Effective May 26, 2022, the Federal Acquisition Regulation (FAR) gives contracting officers the discretion to apply the Small Business Act (Act)—implemented by FAR Part 19—outside the United States and its outlying areas. This final rule (Rule) could create significant business opportunities for small business government contractors capable of competing for overseas procurements.
By way of background, the Small Business Administration (SBA) has consistently taken the position that the Act is not geographically limited and, as a result, FAR Part 19, should apply overseas. Historically, however, SBA’s implementing regulations were silent on the Act’s application overseas and FAR Part 19 included a longstanding overseas exception, indicating that it applies only in the United States and its outlying areas. In October 2013, after the Government Accountability Office issued a bid protest decision that gave deference to the FAR and found that the Act did not apply overseas, SBA revised its regulations to make clear that the Act applies to overseas acquisitions.
Yet, despite SBA making clear that it intends for the Act to apply overseas, confusion continued to abound as contracting officers look to the FAR when administering contracts and the FAR’s overseas exception persisted. And, when there are inconsistencies between SBA regulations and the FAR, contracting officers are directed to follow the FAR. Recognizing this tension, the Civilian Agency Acquisition Council and the Defense Acquisition Regulations Council (the Councils) enacted the Rule “to support SBA’s  changes” and “allow for application of FAR part 19 overseas and thereby expand opportunities for small business concerns overseas.”
In issuing the Rule, the Councils recognized that it may not always be possible to apply the Act’s small business preferences overseas due to “international agreements, treaties, local laws, diplomatic and other considerations that are unique to the overseas environment[.]” Therefore, the Councils amended FAR 19.000(b) “to make the use of part 19 discretionary outside the United States and its outlying areas, so agencies and their contracting officers can consider these factors in the exercise of their discretion.” SBA representatives participated in the development of and concurred with the Rule.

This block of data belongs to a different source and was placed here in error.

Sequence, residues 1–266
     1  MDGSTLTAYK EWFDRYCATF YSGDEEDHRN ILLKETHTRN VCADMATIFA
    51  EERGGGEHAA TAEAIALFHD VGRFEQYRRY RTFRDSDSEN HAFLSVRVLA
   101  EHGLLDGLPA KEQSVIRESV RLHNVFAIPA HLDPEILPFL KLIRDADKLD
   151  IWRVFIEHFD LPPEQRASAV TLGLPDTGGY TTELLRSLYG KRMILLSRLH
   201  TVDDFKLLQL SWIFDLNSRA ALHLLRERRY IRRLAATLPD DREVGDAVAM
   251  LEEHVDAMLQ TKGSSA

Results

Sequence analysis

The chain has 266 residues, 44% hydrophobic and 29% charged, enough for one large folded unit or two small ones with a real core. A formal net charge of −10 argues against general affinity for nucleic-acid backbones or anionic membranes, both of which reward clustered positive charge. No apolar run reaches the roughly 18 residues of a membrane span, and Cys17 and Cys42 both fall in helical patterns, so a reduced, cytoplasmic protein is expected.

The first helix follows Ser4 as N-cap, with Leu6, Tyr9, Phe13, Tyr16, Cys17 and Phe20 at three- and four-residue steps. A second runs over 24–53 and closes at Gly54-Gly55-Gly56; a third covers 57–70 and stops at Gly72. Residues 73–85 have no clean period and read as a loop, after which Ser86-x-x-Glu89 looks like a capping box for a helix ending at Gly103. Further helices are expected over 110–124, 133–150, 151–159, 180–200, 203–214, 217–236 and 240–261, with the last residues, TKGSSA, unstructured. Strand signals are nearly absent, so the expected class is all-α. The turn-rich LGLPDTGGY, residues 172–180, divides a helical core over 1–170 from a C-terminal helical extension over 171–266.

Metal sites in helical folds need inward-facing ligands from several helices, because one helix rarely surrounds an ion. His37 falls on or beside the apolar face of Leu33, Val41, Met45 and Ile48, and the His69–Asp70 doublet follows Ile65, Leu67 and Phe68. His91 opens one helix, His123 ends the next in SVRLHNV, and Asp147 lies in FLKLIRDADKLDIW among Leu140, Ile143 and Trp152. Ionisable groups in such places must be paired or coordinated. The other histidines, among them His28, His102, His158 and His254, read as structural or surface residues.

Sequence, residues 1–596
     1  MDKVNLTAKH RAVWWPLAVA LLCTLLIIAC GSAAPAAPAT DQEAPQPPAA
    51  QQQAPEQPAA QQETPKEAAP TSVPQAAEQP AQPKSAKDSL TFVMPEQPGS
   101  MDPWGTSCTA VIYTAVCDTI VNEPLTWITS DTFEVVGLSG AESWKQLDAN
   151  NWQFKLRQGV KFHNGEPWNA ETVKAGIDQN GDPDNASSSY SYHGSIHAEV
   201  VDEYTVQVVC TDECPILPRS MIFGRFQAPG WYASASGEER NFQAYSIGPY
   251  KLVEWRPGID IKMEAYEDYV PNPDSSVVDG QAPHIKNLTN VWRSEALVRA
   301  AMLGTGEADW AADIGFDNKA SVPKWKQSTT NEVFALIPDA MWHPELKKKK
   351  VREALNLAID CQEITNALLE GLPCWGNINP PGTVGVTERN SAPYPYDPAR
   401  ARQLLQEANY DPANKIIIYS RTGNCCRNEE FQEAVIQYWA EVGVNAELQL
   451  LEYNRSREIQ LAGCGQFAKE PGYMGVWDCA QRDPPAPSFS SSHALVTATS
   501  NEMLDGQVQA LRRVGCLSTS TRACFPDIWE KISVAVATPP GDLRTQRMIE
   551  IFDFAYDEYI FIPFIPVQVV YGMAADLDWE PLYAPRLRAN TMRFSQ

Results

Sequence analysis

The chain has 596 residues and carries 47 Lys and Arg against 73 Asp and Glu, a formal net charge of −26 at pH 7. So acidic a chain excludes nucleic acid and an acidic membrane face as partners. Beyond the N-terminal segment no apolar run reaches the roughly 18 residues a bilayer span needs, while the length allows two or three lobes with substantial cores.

It is important to note that if contracting officers decide to apply set-aside procedures to overseas procurements, prime contractors will have to navigate compliance with a host of other rules, such as the Act’s limitations on subcontracting. During the rulemaking process, commentors expressed concern that, under the Rule, “small businesses will likely have difficulties complying with the limitations on subcontracting requirements,” due to foreign laws that mandate the use of local labor or require that non-local contractors must be “sponsored” by delegating on-site performance to foreign subcontractors. The Councils recognized these concerns but explained that it is “not practicable” to amend the FAR to list all factors that could affect overseas acquisitions. Instead, the Councils noted that concerns like these are the reason contracting officers should exercise discretion before using set aside procedures overseas.
While the Rule is discretionary, it marks a significant shift in policy that may lead to increased opportunities and potential challenges for small business government contractors. If you would like to know more about the Rule or its impact on your company, please contact Sam Finnerty, the author of this blog, or another member of PilieroMazza’s Government Contracts Group. Special thanks to law clerk Kelly Kirchgasser for her assistance with this post.